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Did Terrorists Attack Kazakhstan?
13 June, 2016
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What You Need To Know:

✓ In the Western Kazakh city of Aktobe, a group of armed men robbed a weapons store, hijacked a bus and attacked a military base, killing 7 civilians along the way, leading to the eventual death of 18 perpetrators;

✓ “The nature of the attack and the way in which the attack was conducted doesn’t really fit with the profile of a group of externally supported and trained Islamist militants;”

✓ Some experts said that economic reasons were more likely for the attack, given that Aktobe has been hit particularly hard by the drop in oil prices and that Kazakhstan is currently in a recession;

✓ “The danger is that this government loses all credibility and loses the ability to dictate the narrative like it really has for the last 20 years.”

In the Western Kazakh city of Aktobe, a group of armed men robbed a weapons store, hijacked a bus and attacked a military base, killing 7 civilians along the way, leading to the eventual death of 18 perpetrators. While the Kazakh government claims that the attack was carried out by pseudo-religious groups, Nate Schenkkan of Freedom House says there is not enough information yet to make such claims. “The nature of the attack and the way in which the attack was conducted doesn’t really fit with the profile of a group of externally supported and trained Islamist militants,” he says.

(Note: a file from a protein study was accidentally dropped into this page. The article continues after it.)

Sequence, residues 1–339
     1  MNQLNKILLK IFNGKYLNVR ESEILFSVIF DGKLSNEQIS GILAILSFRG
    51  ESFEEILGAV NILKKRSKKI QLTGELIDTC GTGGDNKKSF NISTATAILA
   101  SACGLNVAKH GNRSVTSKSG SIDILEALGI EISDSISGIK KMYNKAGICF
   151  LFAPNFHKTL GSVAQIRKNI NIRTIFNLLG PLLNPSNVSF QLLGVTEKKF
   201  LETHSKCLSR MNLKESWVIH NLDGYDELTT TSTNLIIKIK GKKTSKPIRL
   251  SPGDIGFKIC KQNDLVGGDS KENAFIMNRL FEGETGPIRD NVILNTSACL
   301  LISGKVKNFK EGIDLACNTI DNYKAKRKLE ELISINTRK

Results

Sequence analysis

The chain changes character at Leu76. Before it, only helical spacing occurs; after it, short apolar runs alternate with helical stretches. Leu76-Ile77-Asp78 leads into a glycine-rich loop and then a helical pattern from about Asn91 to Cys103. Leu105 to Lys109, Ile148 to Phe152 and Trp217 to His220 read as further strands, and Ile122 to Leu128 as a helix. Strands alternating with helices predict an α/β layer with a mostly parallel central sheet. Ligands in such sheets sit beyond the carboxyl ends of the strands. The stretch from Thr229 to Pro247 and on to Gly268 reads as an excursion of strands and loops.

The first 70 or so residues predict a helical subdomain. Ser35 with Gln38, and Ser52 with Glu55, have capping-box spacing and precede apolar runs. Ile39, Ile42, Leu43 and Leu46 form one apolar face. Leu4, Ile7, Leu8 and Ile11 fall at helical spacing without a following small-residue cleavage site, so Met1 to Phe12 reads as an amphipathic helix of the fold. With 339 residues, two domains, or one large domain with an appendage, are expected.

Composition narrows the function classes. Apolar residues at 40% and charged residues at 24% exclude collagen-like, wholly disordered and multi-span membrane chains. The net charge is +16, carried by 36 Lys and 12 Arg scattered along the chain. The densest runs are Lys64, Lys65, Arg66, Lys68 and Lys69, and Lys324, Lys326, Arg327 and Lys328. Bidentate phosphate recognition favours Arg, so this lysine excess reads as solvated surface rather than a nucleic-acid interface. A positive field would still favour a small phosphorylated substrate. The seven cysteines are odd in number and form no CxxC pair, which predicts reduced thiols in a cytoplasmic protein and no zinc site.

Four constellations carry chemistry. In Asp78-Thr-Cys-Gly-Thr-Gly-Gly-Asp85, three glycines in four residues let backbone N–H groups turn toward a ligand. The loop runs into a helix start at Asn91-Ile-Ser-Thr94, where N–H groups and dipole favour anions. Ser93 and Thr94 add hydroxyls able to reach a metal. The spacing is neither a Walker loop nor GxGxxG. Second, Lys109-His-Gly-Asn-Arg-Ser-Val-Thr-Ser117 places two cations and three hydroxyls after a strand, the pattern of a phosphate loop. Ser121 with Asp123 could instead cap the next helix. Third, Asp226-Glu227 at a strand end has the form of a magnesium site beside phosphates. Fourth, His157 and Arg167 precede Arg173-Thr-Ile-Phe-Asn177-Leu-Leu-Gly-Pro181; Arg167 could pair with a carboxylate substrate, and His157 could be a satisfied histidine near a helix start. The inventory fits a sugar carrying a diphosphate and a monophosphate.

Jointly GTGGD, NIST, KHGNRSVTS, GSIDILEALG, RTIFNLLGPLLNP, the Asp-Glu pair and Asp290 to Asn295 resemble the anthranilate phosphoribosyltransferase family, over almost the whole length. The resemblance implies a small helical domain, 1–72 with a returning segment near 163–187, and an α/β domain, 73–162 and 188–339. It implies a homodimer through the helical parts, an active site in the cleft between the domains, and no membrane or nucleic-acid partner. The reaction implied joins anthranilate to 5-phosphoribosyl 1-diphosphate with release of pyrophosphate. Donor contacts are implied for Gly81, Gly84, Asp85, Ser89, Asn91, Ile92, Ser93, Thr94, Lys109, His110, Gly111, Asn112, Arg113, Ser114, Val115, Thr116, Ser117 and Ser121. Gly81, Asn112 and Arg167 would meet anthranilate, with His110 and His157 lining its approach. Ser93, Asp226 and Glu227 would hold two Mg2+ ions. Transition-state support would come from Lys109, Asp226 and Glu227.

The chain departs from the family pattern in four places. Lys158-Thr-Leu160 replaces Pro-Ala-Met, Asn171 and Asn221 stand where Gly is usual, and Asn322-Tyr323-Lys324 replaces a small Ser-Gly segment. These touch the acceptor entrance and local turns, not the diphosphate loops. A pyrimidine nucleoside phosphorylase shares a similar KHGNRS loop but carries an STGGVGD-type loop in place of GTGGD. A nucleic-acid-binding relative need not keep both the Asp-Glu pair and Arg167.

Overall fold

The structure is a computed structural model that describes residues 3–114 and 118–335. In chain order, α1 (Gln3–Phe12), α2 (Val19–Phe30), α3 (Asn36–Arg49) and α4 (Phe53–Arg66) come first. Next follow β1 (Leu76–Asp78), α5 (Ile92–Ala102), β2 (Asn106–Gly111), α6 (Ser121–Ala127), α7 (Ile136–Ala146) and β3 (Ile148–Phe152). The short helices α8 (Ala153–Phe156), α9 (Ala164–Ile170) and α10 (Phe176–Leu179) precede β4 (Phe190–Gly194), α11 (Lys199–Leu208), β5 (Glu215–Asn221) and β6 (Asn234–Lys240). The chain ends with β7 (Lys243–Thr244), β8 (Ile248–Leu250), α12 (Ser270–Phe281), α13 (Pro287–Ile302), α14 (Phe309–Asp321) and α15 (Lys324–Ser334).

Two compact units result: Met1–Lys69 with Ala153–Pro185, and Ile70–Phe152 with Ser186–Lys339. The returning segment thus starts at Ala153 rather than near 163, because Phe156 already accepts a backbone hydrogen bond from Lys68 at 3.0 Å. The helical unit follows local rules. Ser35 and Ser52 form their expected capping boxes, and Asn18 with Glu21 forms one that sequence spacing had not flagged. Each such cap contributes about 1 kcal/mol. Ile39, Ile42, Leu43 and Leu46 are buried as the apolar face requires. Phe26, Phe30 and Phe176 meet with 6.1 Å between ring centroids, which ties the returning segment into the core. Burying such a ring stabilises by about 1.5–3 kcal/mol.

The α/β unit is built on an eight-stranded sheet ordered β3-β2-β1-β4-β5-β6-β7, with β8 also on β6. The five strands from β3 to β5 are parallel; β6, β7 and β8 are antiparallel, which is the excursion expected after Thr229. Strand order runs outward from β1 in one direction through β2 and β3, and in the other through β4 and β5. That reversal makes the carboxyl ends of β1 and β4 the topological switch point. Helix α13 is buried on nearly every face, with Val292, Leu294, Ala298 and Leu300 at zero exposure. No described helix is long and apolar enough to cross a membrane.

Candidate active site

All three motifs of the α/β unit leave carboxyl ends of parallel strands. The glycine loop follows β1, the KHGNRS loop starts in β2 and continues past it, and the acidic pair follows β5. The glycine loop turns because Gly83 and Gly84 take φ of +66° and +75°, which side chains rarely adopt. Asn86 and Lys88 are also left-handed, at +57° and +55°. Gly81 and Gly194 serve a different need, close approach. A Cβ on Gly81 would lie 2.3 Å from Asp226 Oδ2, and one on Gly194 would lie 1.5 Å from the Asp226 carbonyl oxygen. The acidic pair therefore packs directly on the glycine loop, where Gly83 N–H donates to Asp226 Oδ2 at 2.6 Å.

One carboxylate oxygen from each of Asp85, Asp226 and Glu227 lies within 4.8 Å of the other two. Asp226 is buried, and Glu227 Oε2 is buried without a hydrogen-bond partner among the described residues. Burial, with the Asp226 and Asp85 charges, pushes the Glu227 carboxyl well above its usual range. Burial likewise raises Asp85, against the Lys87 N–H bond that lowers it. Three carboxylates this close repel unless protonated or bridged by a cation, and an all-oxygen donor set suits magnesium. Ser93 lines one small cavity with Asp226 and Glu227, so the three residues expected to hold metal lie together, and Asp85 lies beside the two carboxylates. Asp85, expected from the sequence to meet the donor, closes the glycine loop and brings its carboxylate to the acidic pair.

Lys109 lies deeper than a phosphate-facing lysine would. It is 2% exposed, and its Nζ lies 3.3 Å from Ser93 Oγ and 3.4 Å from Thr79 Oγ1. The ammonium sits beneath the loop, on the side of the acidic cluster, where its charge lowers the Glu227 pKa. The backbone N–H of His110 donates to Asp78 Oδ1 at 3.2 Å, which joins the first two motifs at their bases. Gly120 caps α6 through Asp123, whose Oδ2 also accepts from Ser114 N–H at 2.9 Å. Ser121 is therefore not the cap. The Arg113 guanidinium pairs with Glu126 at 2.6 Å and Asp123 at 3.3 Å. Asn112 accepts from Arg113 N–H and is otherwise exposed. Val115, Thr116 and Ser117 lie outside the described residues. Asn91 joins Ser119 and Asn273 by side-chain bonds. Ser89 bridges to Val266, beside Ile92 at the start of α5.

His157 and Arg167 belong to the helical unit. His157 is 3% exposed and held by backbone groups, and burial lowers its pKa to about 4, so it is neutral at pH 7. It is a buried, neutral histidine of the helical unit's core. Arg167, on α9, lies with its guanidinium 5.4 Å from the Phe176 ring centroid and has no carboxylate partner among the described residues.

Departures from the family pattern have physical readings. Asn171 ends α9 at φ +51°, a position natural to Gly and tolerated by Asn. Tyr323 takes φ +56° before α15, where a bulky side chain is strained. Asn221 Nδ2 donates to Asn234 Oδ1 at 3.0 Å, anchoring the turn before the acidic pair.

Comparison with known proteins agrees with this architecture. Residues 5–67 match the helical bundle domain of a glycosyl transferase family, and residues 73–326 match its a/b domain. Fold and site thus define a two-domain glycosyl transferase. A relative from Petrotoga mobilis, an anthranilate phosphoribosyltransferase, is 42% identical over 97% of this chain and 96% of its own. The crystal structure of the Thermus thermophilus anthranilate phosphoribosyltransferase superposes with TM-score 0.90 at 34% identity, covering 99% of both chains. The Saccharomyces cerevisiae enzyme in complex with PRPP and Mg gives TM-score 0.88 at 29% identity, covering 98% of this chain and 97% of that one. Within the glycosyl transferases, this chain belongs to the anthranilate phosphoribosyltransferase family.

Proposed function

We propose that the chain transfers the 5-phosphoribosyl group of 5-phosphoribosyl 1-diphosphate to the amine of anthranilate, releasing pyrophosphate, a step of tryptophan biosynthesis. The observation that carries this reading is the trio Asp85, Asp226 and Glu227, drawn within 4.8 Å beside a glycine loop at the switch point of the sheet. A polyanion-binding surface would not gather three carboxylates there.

Some experts said that economic reasons were more likely for the attack, given that Aktobe has been hit particularly hard by the drop in oil prices and that Kazakhstan is currently in a recession. This has caused demonstration from the public, with the Government claiming that “the protests are essentially the same thing as these terrorist attacks.”

President Nursultan Nazarbayev and his Government keep flubbing their lines about what happened, says Schenkkan, and the people of Kazakhstan know that the explanations don’t make sense. “The danger is that this government loses all credibility and loses the ability to dictate the narrative like it really has for the last 20 years,” which is a sign of future instability to come.

Hromadske’s Josh Kovensky spoke to Nate Schenkkan, a project director at Freedom House via Skype in June 2016.